It's official. My husband and I are empty nesters. Our youngest son not only moved out, he moved to Montana (we live in Kansas)! While I wish he was a little closer to home, I'm happy to see him spreading his wings, and the good news is, he's off to a great start!
Our oldest child is thirty, so this empty nester thing has been a long time coming. As a result, I'm finding the adjustment relatively easy (not that I don't miss him). His absence has been made more bearable by the fact that three of our four grandchildren have recently moved close to us. One benefit of this trade-off is the fact that most nights the littles go home. On special occasions when they sleep over at our house, they already have a room all their own. That means we now have a room that is 100% dedicated to guests.
Overnight guests (other than the littles) are not infrequent at our house, so I am pleased with this new development. This past week I transformed our son's room to a guest bedroom, and I thought I would share with you the things I did to make the space as comfortable as possible for the many visitors I hope to accomodate.
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First and foremost, I want my guests to sleep comfortably. It just so happens that we were in the market for a new mattress for that room because the old one was, well...old. Let's just say that in terms of years that mattress has been in our possession, the first digit was a two, and leave it at that.
Shopping for a mattress can be intimidating. It's an expensive investment, so you want to get it right. If you're shopping for a mattress that is going to be used by a variety of people, that complicates things even more. I found this guide from Sleep Foundation to be helpful. In covers all the factors from mattress types to pricing to body types to firmness and sleep positions. I guess you could say they really lay it all out (pun intended).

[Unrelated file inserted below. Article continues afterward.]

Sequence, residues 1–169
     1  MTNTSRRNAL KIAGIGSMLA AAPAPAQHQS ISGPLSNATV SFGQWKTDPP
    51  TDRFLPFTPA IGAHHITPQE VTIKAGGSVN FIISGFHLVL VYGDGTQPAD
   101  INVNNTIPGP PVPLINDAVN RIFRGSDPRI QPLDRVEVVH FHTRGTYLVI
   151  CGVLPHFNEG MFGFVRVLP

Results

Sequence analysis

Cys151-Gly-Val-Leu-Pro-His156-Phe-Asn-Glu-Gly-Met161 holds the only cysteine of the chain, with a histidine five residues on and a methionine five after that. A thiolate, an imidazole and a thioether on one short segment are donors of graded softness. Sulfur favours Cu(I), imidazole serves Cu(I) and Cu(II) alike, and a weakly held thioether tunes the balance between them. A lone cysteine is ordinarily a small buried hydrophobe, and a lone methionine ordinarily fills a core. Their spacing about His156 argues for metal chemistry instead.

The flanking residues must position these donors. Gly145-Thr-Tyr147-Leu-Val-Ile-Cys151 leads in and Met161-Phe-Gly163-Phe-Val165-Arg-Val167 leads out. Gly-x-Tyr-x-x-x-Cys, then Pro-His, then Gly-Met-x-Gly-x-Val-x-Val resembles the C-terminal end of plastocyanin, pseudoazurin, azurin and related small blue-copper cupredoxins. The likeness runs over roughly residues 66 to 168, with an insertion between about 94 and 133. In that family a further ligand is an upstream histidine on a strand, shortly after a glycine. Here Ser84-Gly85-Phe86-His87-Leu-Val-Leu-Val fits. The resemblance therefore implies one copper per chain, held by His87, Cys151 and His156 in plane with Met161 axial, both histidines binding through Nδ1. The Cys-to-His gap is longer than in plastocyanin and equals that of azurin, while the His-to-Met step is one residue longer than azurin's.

In addition to a comfy and clean mattress, sheets play an important role in making guests feel welcome. How often have you visited family and slept on mismatched 30-year old sheets? I did last week. It wasn't awful, but I was sure glad to get home to my own bed. This comfortable sheet set is both affordable and luxurious. We have them on all our beds, and we love them! Cotton sheets (preferably Egyptian) are recommended because they are the most breathable.
Pillows also play an important role in sleep comfort. The problem is, pillow preferences vary widely, so choosing pillows that will feel comfortable to a majority of people can be tricky. I recommend these shredded memory foam pillows with bamboo covers because they are both soft and firm. They are also hyperallergenic and have moisture wicking/cooling properties. Another great option are these down alternative pillows.
I love the look of a bed piled high with pretty throw pillows, but when it comes to guest rooms, it's important to consider where the pillows go when they are not on the bed. You don't want your visitors tripping over loose throw pillows in the middle of the night. If you also love decorative pillows, I recommend getting a large basket, such as the one shown here, for storing the pillows when not in use. If your guests aren't as into throw pillows as you are, they can place the pillows in the basket on their first night and leave them there throughout their stay. They will look tidy and be out of the way.
Blankets and Comforters
There are several factors to keep in mind when selecting blankets and comforters. These include quality, price, style, comfort, warmth, and breathability. When selecting bedding for a guest room, it's good to choose fabrics that are versatile and durable since they are going to be used by people with varying preferences and be washed repeatedly. Vellux is my personal favorite, but fleece is also a good option.